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Questions about seasonal water yield model

     I'm using seasonal water yield model to estimate ecosystem services.After learning the users's guide and some recently published articles using this model,I'm still confused about the rainfall events table that is needed to run the model.My study area is over 215000 square kilometers in extent and there are many meteorological stations within and around it,which makes the rainfall events in each month vary among different meteorological stations.Since Mesfin Sahle et al.(2019)uses the averages number of rainy days  of 12 years' daily rainfall data from eight  meteorological stations as input data for the model,I'm wondering if it's okay to use the averages number of rainy days of long term daily rainfall data from a lot of meterological stations within and around my study area to determine the rainfall events in each month.Also,are there other options to determine the rainfall events?

(the Mesfin Sahle 's article is available at


  • swolnyswolny Member, NatCap Staff
    Hi @Char -

    For an area that large, and since you have meteorological station data, you could use the Climate Zones input to Seasonal Water Yield, instead of the rainfall events. Using Climate Zones allows you to create a raster, with different zones across your study area (uniquely identified by the field cz_id), so that you can have different rainfall event data in different parts of the watershed. In your case, the different zones would be associated with different meteorological stations, and you would need to decide how to define the zones, possibly using something like a triangulation surface (but maybe better to do research on what others would recommend.)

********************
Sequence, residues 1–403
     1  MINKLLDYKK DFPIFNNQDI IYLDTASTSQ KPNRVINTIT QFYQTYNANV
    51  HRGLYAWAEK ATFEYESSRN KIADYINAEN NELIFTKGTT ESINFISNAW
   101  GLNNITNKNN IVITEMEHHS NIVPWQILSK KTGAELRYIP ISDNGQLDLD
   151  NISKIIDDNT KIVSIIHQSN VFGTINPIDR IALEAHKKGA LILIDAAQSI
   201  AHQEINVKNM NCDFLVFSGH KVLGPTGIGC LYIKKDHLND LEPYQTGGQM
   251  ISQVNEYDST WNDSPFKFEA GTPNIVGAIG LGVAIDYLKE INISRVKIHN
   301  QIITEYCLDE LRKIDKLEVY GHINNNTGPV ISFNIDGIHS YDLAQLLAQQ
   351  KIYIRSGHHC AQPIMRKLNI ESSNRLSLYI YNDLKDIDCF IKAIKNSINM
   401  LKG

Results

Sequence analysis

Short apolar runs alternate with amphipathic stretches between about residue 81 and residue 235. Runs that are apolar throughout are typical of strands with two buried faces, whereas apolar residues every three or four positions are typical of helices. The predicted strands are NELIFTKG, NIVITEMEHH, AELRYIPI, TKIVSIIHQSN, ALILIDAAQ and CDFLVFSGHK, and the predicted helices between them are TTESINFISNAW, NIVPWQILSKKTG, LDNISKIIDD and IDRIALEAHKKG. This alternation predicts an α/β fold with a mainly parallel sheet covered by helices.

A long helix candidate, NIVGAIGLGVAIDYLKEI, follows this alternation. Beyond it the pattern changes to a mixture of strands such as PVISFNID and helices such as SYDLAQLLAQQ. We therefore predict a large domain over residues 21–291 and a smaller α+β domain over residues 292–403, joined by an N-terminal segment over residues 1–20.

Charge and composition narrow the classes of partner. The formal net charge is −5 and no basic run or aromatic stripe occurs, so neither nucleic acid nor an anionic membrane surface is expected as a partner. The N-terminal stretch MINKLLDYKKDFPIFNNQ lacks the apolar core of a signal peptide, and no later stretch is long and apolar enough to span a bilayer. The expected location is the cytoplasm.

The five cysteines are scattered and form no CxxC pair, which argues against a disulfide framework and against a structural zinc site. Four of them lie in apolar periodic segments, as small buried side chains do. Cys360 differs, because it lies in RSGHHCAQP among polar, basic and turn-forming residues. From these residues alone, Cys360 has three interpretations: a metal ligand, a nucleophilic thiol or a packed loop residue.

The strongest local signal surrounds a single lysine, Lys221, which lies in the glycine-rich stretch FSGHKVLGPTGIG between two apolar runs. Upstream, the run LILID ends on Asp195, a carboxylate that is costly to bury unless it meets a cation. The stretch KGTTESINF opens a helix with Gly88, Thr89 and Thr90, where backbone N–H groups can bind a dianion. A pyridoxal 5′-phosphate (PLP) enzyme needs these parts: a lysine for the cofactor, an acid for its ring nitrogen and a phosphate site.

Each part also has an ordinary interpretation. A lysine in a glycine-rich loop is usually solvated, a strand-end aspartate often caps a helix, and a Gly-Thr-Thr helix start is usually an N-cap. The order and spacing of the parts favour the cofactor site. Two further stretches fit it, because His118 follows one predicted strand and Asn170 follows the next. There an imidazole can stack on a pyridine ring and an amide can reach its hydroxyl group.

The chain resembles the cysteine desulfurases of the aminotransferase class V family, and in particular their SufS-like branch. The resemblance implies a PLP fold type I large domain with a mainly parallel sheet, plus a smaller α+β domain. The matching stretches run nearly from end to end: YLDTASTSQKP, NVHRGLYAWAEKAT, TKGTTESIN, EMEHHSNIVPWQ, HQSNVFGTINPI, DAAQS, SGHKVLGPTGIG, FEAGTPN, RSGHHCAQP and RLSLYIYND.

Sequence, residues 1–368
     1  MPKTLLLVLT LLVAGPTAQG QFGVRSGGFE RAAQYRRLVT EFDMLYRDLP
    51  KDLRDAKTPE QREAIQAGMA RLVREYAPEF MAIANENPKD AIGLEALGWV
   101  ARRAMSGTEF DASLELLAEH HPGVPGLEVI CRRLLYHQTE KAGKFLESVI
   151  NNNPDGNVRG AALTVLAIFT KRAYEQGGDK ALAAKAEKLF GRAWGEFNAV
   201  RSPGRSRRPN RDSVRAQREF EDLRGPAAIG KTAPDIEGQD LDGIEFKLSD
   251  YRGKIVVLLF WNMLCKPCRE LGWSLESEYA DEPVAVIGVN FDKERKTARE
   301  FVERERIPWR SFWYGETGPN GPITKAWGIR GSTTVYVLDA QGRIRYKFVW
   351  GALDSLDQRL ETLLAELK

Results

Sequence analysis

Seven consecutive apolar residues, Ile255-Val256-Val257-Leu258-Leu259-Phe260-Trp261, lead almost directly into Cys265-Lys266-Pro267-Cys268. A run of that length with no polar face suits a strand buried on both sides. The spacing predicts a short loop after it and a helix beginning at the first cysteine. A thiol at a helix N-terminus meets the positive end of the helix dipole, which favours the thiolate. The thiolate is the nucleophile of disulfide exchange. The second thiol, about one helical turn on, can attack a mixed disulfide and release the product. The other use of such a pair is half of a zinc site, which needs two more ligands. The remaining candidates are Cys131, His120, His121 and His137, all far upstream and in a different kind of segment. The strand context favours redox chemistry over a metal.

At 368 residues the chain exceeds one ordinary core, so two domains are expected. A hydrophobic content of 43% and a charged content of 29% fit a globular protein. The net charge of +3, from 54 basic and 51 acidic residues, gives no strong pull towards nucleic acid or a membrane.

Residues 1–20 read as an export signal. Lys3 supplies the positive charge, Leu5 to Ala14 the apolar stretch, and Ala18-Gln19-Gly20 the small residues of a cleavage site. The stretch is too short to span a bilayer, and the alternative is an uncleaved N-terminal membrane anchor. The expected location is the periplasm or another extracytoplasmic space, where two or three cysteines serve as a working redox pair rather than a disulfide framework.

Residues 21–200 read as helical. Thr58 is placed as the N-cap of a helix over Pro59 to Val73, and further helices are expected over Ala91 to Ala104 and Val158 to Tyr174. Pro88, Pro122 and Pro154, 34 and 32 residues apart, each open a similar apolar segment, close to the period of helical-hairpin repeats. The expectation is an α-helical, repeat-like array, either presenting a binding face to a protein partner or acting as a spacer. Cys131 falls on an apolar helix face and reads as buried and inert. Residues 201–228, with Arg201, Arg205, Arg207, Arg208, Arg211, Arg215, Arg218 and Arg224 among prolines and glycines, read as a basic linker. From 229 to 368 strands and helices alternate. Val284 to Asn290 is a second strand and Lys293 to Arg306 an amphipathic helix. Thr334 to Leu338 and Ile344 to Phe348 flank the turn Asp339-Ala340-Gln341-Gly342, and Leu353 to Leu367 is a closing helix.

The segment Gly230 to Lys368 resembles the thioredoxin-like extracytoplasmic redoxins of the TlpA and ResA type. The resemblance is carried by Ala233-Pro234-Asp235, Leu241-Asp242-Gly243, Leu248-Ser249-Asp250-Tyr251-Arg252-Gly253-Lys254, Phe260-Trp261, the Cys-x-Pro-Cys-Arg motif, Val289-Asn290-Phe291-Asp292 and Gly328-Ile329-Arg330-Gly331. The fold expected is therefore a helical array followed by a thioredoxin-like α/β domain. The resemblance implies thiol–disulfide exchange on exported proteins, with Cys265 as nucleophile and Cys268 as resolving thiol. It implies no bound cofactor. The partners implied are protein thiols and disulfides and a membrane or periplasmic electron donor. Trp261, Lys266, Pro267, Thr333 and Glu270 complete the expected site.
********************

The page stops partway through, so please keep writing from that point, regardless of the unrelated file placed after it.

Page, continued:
To use this, you also provide a Climate Zone Table, that lists the number of rainfall events per month per climate zone, matched to the raster by the cz_id field. There you can use the average long-term number of rainy days per month from your weather stations. 

    ~ Stacie
  • CharChar Member
        Thank you for your reply and great presentation at today's training.Based on the data of climate zones I have at hand,my study area is across two climate zones approximately.So I'm not sure if there is a need to futher classify the two climate zones.Moreover, the study periods of mine are fifteen years and several ecosystem services are estimated every five years, I wonder how many years of daily rainfall data is well enough for a one-year determination of rainy days per month and calculation of  water supply. Thank you and I look forward to hearing from you.
  • swolnyswolny Member, NatCap Staff
    Hi @Char -

    Cool that you're at the training - if you're there today, come up and introduce yourself, we could discuss in person.

    For the water models, usually we recommend using at least 10 years worth of rainfall data to average over, but that's a bit flexible since it's not always possible. If the services are being estimated every 5 years, perhaps the previous 5 years of data would be appropriate. @Perrine, what do you think?

    ~ Stacie
  • PerrinePerrine Moderator, NatCap Staff
    Hi Char, 
    Sorry for the late response here!
    As Stacie mentioned, the data requirements are flexible and using 5-year periods is reasonable.
    Re: climate zones, it may not be necessary to further divide your study area. This functionality was introduced for large areas, where there are distinct climate patterns. It may introduce some artificial boundaries in the outputs (at the boundary between climate zones, which is in reality more gradual). So by default, I'd suggest not to use the climate zones unless you know the number of precipitation events (not the amount of precipitation) varies dramatically across your area.
  • CharChar Member
    Thank you for your help and best wishes.
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